What Are Same-Day Funds?
The term same-day funds refers to money that can be transferred or withdrawn the same day it is deposited into the recipient's bank account. Same-day funds are subject to the net settlement of accounts between the banks that present and remit the funds. Most customer deposits are not same-day funds and are usually not available for withdrawal until the next business day.
Understanding Same-Day Funds
Most banks make funds deposited by customers available within one to two business days. Business days are Monday to Friday, with the exception of federal holidays. This does not include Saturdays and Sundays, even if banks are open and accept deposits on these days.
Banks and other financial institutions that accept customer deposits must adhere to the Federal Reserve Board's (FRB's) Regulation CC. This rule enforces disclosures about hold policies and the availability of funds. Put simply, it states what deposits customers have access to as per the Expedited Funds Availability Act (EFAA) passed by Congress in 1987.
According to Regulation CC, banks are required to tell customers if deposits are held and when they will be made available for use either verbally or in print.
According to Regulation CC, the following deposits are usually available to consumers on the same day (or the following day in some cases):
- Cash deposits
- Direct deposits
- Wire transfers
- Transfers from other accounts at the same bank
- Deposits made through the Automated Clearing House (ACH)
- Checks from the U.S. Treasury
- Government checks
- Certified or cashier's checks
- Money orders purchased from the U.S. Postal Service
These deposits must be made in person at a bank or, in some cases, may be made at an automated teller machine (ATM) owned by the customer's bank, as long as the funds are posted to the account before the bank’s cut-off time for that day’s business operations. This is usually sometime in the mid-afternoon.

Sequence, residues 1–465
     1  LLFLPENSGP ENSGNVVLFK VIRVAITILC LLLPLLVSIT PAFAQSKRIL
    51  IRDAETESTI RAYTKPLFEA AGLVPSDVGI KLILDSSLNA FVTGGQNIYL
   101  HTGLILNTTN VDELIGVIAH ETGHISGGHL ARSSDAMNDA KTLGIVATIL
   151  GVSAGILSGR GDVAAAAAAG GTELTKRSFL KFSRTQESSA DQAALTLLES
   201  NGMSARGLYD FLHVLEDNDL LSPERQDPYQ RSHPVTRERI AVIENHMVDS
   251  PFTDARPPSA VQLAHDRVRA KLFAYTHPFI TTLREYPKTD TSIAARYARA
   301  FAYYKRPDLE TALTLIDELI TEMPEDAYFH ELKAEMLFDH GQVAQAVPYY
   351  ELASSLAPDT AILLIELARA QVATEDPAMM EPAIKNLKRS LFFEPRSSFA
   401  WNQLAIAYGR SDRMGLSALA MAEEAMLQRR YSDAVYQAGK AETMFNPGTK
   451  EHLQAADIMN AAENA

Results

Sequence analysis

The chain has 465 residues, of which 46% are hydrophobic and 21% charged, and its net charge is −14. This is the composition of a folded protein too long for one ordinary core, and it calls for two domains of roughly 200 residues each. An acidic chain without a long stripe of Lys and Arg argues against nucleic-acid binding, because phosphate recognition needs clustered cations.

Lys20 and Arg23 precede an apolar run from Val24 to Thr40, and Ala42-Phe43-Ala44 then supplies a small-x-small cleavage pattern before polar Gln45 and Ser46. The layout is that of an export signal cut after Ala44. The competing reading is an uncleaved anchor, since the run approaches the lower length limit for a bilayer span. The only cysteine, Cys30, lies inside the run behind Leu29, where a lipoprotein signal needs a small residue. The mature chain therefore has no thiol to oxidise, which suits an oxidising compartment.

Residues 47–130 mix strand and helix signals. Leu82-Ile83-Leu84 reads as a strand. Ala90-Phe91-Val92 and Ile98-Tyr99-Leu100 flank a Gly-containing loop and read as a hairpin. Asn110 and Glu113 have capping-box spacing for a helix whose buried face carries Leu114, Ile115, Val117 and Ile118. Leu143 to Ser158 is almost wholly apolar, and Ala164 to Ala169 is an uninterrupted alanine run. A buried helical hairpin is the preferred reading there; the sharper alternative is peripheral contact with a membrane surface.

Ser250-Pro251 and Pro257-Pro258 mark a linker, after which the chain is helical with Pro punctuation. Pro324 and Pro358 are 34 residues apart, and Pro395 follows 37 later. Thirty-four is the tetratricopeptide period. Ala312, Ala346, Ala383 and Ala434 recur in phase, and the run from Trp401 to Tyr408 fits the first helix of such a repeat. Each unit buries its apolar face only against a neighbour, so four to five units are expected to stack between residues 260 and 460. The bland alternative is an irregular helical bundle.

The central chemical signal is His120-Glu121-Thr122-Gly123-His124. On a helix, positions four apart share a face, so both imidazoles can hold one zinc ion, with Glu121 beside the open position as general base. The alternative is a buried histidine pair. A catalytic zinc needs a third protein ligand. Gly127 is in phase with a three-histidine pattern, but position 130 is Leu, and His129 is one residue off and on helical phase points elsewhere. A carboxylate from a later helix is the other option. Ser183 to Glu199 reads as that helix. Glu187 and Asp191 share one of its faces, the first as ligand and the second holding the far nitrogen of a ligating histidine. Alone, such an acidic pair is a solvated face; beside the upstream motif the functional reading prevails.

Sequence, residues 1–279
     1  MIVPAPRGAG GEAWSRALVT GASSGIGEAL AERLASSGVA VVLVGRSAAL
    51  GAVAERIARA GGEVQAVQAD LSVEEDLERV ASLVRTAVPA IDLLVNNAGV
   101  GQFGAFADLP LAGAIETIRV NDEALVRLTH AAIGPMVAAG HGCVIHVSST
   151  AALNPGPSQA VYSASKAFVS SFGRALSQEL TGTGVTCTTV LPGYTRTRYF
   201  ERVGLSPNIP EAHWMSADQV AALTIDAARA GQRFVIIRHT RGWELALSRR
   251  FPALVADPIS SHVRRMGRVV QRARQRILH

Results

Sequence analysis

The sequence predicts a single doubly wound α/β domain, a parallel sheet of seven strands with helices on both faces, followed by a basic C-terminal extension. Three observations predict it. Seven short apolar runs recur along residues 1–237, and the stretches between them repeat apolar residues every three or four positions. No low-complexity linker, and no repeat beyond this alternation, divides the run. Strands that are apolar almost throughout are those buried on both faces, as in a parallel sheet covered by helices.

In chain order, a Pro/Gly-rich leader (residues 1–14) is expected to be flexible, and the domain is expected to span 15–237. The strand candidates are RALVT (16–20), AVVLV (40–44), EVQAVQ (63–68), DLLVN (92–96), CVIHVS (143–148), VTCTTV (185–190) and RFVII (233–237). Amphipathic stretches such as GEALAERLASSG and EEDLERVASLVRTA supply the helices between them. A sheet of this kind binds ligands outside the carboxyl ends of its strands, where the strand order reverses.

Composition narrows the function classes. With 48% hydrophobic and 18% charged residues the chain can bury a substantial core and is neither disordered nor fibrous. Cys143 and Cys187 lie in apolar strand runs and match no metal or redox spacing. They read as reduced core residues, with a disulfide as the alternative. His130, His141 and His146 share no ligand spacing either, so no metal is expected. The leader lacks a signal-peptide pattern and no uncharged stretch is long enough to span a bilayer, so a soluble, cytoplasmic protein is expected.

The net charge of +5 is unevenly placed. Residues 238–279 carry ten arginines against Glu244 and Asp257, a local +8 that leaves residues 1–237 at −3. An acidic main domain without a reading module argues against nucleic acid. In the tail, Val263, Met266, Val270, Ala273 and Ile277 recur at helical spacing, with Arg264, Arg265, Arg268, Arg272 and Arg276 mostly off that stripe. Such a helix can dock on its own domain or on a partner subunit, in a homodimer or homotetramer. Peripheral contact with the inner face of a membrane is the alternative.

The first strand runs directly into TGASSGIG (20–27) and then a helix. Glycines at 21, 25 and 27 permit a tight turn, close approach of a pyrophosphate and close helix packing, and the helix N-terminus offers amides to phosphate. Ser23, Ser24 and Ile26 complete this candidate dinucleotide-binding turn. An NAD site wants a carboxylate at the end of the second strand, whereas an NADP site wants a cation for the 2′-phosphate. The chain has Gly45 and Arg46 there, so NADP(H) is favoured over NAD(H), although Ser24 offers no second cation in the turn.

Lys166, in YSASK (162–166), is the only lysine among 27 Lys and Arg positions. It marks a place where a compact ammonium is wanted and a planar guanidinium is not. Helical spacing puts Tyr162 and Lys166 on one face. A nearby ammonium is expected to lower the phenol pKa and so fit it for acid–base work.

The majority of deposits aren't immediately available to consumers because they need time to clear. For instance, when a customer deposits a check into their bank account, the bank may put it on hold for a number of days. This allows the check to be verified and cleared so it doesn't bounce. Once the check is cleared, the hold is removed and the funds become available to the depositing customer.
Same-day funds refer to money that can be transferred or withdrawn the same day it is deposited into the recipient's bank account.
Banks must disclose the availability of funds and any holds that apply to deposits to their customers as per the Federal Reserve's Regulation CC.
Cash deposits, direct deposits, wire transfers, and certain checks must be made available for immediate use for customers.
Regulation CC also conditions when funds cannot be made available on the same day. This includes:
- Large cash deposits over $5,000. Banks must release the first $5,000 when a customer makes a large deposit and hold the remaining balance for a reasonable period of time. So if someone makes a $7,500 deposit in cash, the customer has access to $5,000 while the remaining amount is put on hold.
- Checks that are redeposited.
- Deposits made to accounts that are constantly overdrawn.
- When a check cannot be verified or may have a risk of bouncing.
- Deposits made during emergencies, such as a natural disaster.
- Deposits by new customers, as these account holders don't have an established deposit history.
Fedwire Funds Service
Same-day funds can also refer to federal funds that are sent via bank wire. This money would be sent between banks via the Fedwire Funds Service the same day. This service allows for immediate, irrevocable, and final real-time funds transfers. It’s available to financial institutions and depository institutions that have an account with the Federal Reserve Bank.
The Fedwire Funds Service is typically used to make large, time-sensitive payments. Funds are debited from an originator’s account and credited to the account of another participant in the Fedwire Funds Service. Funds can be initiated via telephone or online. According to the most recent data from the Fed, there were about 7,300 participants in the system.
Clearing House Interbank Payments System
Clearing House Interbank Payments System (CHIPS) transfers in New York are also known as same-day funds. CHIPS is a privately owned clearinghouse for handling large transactions. Transferring money via CHIPS costs less than transferring it via Fedwire, so banks typically prefer to use this service to transfer less time-sensitive payments.
While Fedwire is a real-time gross settlement system, payments made via CHIPS can be netted. This means that payments are not made in real-time. More than 50 banks participate in CHIPS, which settles $1.5 trillion in payments every day.